Ebola is a nasty virus. Nobody wants it, so I certainly understand the concern. But here’s the deal: October is National Cyber Security Awareness Month and we are much more likely to fall victim to hackers than we are to contract Ebola. Someday the hacking threat may extend to implanted medical devices and e-health records, but hopefully that’s just science fiction. For now.
In this pre-cyborg age, we as individuals must prioritize cybersecurity. If you’re a celebrity with a nude photo you could’ve sworn you deleted, or a Christmas shopper with a credit card, or if you own an electronic device of any kind, you’re at risk.
As with infectious disease prevention, a little knowledge goes a long way.
Here are three things about cybersecurity we can learn from Ebola:
Nobody is safe. The 80-100 people who came into contact with our Dallas Ebola patient had NO IDEA they were near a deadly, contagious virus from halfway across the world. Ebola wasn’t even on their radars. Likewise, you might think there’s nothing worth stealing on your computer, or that hackers wouldn’t go through all that trouble for your credit card information. You’re wrong. Anyone can be a hacking victim.
Points-of-contact matter. Ebola is a public health emergency. The CDC is tracking down everyone who may have been in contact with the patient, probably down to the people who touched affected doorknobs. Same goes for cybersecurity. So you deleted the obscene picture. Great. Where was it stored? Who else saw it? Could it be on their device? Did you save it to a cloud-based program? Celebrities are learning the hard way that nothing in the cloud goes away. Ever.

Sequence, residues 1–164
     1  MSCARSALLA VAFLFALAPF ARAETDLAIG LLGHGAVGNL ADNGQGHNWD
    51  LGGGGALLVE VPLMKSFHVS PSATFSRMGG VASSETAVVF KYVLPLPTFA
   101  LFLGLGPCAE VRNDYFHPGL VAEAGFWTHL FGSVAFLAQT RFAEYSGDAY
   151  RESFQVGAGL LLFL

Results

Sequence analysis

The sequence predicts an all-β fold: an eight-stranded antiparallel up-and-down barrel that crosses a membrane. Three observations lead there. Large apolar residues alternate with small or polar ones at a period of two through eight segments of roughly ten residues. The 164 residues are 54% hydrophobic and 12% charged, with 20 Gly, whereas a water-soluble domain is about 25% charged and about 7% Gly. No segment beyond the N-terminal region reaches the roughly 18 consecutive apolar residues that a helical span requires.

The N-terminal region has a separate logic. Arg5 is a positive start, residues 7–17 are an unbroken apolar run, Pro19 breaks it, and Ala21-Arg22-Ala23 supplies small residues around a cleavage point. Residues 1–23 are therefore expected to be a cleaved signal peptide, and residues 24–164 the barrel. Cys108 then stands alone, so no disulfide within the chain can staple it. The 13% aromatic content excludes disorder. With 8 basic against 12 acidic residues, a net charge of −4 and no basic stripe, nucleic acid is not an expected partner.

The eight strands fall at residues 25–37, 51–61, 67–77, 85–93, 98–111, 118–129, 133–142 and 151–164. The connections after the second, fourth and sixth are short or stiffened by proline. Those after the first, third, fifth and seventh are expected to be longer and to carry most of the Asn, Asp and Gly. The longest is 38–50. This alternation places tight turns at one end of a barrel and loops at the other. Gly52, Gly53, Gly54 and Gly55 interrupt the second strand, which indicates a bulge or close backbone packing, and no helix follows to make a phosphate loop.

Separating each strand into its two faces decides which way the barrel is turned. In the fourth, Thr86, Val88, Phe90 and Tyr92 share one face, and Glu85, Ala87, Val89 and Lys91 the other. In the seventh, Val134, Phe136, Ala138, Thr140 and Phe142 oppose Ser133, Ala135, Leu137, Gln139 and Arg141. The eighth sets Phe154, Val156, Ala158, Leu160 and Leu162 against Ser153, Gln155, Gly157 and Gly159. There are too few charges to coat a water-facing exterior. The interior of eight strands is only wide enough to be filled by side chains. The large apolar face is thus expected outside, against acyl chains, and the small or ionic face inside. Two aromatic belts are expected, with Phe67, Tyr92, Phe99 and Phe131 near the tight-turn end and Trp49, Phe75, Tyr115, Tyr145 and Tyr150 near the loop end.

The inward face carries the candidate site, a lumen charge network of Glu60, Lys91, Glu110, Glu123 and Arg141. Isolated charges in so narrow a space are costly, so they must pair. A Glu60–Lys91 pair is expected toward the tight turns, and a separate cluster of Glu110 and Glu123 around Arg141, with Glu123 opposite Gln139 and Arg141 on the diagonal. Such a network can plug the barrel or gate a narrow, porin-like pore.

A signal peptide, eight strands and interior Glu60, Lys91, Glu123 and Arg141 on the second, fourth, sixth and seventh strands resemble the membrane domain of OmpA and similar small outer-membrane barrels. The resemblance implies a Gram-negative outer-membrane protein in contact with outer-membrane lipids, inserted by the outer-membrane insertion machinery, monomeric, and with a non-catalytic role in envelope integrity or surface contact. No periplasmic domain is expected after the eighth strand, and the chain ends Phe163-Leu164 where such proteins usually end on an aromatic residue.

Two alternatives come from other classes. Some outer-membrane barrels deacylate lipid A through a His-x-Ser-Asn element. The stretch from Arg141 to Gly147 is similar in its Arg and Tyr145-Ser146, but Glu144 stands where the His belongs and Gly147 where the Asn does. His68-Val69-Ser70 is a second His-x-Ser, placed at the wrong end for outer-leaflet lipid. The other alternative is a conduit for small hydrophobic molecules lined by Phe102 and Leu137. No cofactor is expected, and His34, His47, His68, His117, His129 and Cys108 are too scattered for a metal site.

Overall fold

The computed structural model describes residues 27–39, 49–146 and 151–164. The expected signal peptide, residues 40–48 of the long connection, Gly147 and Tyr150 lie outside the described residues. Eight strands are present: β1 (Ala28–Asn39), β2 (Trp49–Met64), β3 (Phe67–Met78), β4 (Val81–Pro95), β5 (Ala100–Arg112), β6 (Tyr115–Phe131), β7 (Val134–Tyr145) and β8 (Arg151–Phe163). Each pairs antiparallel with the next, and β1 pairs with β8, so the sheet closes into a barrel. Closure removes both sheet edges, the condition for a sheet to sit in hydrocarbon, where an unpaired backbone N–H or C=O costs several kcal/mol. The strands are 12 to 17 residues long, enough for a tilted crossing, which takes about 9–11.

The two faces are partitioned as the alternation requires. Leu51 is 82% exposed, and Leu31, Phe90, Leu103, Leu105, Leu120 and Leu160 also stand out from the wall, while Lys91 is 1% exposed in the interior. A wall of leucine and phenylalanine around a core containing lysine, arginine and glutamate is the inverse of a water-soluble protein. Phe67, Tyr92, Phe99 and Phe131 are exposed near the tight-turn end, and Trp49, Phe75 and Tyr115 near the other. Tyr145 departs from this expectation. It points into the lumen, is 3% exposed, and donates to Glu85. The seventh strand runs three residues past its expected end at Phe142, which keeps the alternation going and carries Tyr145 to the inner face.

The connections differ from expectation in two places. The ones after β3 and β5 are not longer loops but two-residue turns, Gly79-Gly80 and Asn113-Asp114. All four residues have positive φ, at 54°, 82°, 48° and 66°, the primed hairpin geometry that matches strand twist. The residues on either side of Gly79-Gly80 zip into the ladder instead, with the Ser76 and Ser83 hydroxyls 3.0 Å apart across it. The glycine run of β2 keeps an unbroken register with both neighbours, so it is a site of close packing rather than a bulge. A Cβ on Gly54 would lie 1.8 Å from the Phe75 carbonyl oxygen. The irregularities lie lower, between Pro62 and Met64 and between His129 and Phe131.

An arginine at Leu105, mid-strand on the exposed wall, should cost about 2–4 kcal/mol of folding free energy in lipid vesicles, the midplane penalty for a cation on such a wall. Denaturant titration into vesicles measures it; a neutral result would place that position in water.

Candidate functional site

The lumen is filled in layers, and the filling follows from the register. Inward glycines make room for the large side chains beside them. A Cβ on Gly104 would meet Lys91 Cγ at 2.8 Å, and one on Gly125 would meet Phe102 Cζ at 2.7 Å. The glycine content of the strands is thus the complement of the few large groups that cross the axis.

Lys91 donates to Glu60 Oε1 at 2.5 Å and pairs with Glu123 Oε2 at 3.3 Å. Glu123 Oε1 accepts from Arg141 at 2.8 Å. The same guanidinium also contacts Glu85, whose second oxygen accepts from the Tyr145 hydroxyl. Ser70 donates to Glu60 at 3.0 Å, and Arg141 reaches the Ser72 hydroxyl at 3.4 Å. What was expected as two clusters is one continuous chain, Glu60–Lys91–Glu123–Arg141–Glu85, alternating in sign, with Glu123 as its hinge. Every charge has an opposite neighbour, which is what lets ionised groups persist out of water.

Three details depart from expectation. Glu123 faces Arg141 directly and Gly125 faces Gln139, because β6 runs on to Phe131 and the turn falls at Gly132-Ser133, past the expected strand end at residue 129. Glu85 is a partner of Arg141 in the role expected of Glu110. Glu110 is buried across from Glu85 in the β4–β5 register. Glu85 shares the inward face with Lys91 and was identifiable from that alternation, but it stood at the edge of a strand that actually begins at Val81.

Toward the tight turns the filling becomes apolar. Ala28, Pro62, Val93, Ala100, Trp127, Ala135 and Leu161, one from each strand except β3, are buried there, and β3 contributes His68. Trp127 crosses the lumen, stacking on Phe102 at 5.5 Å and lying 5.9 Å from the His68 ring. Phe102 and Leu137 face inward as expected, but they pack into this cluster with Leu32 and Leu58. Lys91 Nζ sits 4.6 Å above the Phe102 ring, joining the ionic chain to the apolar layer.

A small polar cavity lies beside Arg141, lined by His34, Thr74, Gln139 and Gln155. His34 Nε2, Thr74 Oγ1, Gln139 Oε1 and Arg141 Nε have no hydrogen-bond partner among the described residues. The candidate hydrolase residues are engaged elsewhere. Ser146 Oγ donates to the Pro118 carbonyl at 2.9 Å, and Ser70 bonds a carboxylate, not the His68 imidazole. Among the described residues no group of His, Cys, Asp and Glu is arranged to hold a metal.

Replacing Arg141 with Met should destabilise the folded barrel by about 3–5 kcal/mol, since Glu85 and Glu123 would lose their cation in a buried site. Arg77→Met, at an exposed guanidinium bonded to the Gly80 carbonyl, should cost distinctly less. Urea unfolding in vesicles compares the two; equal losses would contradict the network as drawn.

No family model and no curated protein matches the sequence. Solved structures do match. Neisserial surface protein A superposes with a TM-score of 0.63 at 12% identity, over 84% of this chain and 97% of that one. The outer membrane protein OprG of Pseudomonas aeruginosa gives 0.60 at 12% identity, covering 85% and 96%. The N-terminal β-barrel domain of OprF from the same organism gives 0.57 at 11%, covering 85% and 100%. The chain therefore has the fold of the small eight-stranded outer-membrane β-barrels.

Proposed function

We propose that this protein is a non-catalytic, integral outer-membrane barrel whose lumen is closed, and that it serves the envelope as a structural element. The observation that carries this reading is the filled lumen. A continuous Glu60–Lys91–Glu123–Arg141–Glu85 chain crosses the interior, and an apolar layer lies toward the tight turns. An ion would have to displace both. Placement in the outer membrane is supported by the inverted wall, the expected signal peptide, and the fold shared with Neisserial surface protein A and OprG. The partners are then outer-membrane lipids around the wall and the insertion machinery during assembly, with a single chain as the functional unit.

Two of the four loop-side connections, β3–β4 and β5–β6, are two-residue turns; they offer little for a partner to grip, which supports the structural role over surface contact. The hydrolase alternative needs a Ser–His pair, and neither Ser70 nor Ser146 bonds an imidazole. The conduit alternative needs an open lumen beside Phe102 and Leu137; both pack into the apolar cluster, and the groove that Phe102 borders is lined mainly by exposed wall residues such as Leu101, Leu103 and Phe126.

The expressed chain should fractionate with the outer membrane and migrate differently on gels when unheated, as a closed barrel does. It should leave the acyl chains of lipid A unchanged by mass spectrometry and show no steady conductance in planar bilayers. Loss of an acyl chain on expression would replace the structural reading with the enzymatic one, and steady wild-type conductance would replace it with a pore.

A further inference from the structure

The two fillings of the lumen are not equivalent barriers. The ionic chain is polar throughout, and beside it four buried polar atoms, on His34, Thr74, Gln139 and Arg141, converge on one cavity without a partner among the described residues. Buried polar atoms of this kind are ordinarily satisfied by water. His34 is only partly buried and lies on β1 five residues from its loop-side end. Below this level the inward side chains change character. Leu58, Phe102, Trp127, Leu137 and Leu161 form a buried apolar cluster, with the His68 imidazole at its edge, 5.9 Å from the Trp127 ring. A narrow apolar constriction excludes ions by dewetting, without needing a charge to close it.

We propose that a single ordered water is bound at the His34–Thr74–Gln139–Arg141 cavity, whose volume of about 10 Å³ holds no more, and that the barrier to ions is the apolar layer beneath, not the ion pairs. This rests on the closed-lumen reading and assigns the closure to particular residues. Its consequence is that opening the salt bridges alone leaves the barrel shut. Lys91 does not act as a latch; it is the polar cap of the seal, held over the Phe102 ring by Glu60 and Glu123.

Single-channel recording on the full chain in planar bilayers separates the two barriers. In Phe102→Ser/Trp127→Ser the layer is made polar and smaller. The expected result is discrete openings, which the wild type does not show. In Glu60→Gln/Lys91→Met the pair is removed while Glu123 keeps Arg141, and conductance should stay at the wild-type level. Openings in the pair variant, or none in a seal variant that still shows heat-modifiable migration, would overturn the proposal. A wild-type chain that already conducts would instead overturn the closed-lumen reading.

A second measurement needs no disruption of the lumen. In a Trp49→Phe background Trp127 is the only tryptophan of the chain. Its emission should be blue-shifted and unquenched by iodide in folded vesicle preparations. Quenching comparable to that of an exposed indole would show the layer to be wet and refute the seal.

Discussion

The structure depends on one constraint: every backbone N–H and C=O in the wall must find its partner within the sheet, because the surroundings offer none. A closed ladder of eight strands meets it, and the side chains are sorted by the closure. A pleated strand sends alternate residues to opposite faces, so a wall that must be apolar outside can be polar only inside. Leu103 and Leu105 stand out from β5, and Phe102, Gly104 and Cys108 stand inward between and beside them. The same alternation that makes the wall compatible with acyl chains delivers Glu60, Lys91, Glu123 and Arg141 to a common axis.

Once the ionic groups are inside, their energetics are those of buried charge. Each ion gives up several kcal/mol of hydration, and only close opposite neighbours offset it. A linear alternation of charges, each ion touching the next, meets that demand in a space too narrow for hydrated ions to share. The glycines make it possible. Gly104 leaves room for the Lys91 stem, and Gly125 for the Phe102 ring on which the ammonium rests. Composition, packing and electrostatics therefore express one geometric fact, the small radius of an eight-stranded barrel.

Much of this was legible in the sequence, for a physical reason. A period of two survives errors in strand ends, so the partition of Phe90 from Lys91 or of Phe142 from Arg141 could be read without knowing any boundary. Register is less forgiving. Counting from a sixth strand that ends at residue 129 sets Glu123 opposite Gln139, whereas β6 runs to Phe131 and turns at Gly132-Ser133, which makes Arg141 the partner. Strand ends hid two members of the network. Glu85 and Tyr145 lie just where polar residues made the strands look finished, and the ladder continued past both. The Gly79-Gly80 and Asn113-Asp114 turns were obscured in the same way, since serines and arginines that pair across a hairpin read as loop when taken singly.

Get help from the experts. Ebola isn’t the common cold. Granted, some patients might slip through the cracks. You might wander into the hospital feeling icky, fail to mention international travel, and leave undiagnosed. But if you truly have Ebola, you’ll go back to the hospital in an ambulance, the CDC will show up in hazmat suits, and your entire family will be quarantined. The same goes for cybersecurity. Do your homework, understand what’s at stake, and invest in quality products for virus and spyware protection. Don’t assume your computer is safe because you bought a virus protection program four years ago. Stay up-to-date.
Infectious disease experts aren’t the least bit surprised that Ebola came to the United States. They say it wasn’t a matter of if, but when. Hacking is the same kind of risk: it can happen to anyone, at any time.
(Special thanks to Lisa Margetis from SingleHop, who provided information that inspired this post.)